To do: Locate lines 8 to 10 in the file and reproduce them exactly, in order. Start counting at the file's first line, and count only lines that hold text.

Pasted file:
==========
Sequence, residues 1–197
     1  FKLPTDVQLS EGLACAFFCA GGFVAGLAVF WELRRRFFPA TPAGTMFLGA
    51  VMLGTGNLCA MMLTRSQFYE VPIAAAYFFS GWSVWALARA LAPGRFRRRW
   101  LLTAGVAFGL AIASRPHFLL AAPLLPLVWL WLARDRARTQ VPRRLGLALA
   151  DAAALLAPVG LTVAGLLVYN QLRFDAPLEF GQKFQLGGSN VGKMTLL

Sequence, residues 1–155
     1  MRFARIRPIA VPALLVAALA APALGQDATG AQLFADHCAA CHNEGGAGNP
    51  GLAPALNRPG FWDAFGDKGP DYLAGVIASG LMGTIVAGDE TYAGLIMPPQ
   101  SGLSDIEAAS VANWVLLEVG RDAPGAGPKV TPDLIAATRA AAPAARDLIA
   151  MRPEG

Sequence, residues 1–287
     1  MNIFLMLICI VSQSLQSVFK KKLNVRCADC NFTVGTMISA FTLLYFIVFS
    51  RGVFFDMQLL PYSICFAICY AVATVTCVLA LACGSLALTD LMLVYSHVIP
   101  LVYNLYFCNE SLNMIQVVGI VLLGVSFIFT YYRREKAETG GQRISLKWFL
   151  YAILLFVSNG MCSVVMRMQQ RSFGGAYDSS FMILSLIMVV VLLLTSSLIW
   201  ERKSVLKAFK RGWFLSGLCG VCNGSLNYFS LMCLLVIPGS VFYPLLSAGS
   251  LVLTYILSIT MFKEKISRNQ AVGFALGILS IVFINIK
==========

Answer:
    51  GLAPALNRPG FWDAFGDKGP DYLAGVIASG LMGTIVAGDE TYAGLIMPPQ
   101  SGLSDIEAAS VANWVLLEVG RDAPGAGPKV TPDLIAATRA AAPAARDLIA
   151  MRPEG